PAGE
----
Disorders of consciousness

Disorders of consciousness

Disorders of consciousness are medical conditions that inhibit consciousness.[1] This category generally includes minimally conscious state and persistent vegetative state, but sometimes also includes the less severe locked-in syndrome and more severe chronic coma.[1][2] Differential diagnosis of these disorders is an active area of biomedical research.[3][4][5] Finally, brain death results in an irreversible disruption of consciousness.[1] While other conditions may cause a moderate deterioration (e.g., dementia and delirium) or transient interruption (e.g., grand mal and petit mal seizures) of consciousness, they are not included in this category.

Contents

Characteristics

Locked-in syndrome

In locked-in syndrome the patient has awareness, sleep-wake cycles, and meaningful behavior (viz., eye-movement), but is isolated due to quadriplegia and pseudobulbar palsy.

Minimally conscious state

In a minimally conscious state, the patient has intermittent periods of awareness and wakefulness and displays some meaningful behavior.

Persistent vegetative state

In a persistent vegetative state, the patient has sleep-wake cycles, but lacks awareness and only displays reflexive and non-purposeful behavior.

Chronic coma

In chronic coma the patient lacks awareness and sleep-wake cycles and only displays reflexive behavior.

Brain death

After brain death the patient lacks awareness, sleep-wake cycles, and behavior.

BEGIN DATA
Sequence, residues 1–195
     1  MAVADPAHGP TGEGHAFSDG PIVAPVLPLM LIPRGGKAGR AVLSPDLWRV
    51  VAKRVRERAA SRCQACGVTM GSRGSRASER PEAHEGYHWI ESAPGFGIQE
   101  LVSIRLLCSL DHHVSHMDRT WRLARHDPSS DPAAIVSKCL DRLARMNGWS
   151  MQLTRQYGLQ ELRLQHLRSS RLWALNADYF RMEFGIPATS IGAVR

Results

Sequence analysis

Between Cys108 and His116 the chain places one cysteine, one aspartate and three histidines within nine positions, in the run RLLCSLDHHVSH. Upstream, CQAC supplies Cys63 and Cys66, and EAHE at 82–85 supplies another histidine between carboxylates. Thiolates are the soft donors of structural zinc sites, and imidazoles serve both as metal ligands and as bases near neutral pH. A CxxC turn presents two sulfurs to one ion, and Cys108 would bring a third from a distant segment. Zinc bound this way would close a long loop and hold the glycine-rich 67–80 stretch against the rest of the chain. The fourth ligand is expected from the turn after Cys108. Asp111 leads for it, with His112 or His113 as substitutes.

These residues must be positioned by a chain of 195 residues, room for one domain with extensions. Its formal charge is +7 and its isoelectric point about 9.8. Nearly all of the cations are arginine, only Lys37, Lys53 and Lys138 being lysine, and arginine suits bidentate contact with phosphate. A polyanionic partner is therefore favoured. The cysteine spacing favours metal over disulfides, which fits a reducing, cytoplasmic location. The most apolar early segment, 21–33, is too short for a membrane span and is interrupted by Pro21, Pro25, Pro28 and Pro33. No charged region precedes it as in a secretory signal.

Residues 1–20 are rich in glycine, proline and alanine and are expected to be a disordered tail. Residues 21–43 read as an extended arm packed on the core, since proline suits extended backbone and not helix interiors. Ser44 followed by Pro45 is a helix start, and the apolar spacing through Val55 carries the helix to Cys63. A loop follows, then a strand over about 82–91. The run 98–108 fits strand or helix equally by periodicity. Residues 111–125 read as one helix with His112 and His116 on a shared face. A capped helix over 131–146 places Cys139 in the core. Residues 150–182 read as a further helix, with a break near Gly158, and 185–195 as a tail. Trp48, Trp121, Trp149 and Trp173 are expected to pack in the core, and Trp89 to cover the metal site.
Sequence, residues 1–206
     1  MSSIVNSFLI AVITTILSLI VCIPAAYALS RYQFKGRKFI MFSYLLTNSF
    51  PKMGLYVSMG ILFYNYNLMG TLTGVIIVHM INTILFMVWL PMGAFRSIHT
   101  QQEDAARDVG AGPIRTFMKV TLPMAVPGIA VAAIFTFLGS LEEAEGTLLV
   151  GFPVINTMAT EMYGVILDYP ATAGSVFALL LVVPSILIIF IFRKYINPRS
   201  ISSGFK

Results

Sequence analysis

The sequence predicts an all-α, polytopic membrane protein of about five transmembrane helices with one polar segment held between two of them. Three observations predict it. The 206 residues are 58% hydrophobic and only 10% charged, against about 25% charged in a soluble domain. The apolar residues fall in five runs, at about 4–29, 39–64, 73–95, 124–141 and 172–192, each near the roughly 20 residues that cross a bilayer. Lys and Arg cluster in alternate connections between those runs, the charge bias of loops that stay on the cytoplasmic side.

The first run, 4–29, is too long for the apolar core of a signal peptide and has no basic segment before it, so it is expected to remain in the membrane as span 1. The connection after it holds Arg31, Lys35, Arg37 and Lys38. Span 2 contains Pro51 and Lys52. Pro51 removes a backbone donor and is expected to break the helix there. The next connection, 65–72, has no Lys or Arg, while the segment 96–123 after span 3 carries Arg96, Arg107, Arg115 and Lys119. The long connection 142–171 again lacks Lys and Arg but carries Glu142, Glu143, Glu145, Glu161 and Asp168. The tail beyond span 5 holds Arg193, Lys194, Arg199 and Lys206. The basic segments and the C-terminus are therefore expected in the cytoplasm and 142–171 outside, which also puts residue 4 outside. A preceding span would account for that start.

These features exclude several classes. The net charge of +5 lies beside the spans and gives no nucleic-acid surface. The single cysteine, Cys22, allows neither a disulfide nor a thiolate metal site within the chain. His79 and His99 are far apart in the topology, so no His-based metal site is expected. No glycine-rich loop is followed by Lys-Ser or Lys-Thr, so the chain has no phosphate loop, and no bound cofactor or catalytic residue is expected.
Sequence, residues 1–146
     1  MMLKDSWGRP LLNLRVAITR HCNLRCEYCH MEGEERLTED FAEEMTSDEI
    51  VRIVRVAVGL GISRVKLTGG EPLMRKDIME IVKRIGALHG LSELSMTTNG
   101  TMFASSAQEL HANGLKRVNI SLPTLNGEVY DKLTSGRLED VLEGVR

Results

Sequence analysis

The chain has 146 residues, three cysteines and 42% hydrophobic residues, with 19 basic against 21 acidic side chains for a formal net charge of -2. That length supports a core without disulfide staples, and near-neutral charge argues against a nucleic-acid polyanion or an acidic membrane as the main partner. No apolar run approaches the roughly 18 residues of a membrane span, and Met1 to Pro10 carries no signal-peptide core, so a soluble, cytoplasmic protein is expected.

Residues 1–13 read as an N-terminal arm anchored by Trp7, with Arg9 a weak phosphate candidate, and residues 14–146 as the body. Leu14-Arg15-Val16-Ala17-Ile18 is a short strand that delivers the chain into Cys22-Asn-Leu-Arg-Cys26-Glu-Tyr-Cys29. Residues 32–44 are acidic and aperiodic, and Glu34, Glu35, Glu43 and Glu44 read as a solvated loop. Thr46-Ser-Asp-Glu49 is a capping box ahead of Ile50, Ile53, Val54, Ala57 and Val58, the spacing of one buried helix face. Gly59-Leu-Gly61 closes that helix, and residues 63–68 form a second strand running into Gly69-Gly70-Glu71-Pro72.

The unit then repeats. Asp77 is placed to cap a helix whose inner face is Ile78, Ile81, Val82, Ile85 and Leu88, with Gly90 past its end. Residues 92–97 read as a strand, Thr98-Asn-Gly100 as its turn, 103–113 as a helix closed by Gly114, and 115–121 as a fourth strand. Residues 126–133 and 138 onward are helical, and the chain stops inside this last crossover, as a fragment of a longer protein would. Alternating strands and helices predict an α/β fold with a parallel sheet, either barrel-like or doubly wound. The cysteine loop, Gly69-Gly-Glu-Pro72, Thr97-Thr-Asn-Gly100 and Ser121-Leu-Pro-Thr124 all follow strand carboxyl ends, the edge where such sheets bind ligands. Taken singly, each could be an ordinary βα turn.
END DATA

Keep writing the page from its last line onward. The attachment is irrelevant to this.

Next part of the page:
Differential diagnosis

Treatment

Society and culture

Research directions

See also

References

  1. ^ a b c Bernat JL (8 Apr 2006). "Chronic disorders of consciousness". Lancet 367 (9517): 1181–1192. doi:10.1016/S0140-6736(06)68508-5. PMID 16616561. 
  2. ^ Bernat JL (20 Jul 2010). "The natural history of chronic disorders of consciousness". Neurol 75 (3): 206–207. doi:10.1212/WNL.0b013e3181e8e960. PMID 20554939. 
  3. ^ Coleman MR, Davis MH, Rodd JM, Robson T, Ali A, Owen AM, Pickard JD (Sep 2009). "Towards the routine use of brain imaging to aid the clinical diagnosis of disorders of consciousness". Brain 132 (9): 2541–2552. doi:10.1093/brain/awp183. PMID 19710182. 
  4. ^ Monti MM, Vanhaudenhuyse A, Coleman MR, Boly M, Pickard JD, Tshibanda L, Owen AM, Laureys S (18 Feb 2010). "Willful modulation of brain activity in disorders of consciousness". N Engl J Med 362 (7): 579–589. doi:10.1056/NEJMoa0905370. PMID 20130250. 
  5. ^ Seel RT, Sherer M, Whyte J, Katz DI, Giacino JT, Rosenbaum AM, Hammond FM, Kalmar K, Pape TL, et al. (Dec 2010). "Assessment scales for disorders of consciousness: evidence-based recommendations for clinical practice and research". Arch Phys Med Rehabil 91 (12): 1795–1813. doi:10.1016/j.apmr.2011.01.002. PMID 21112421. 

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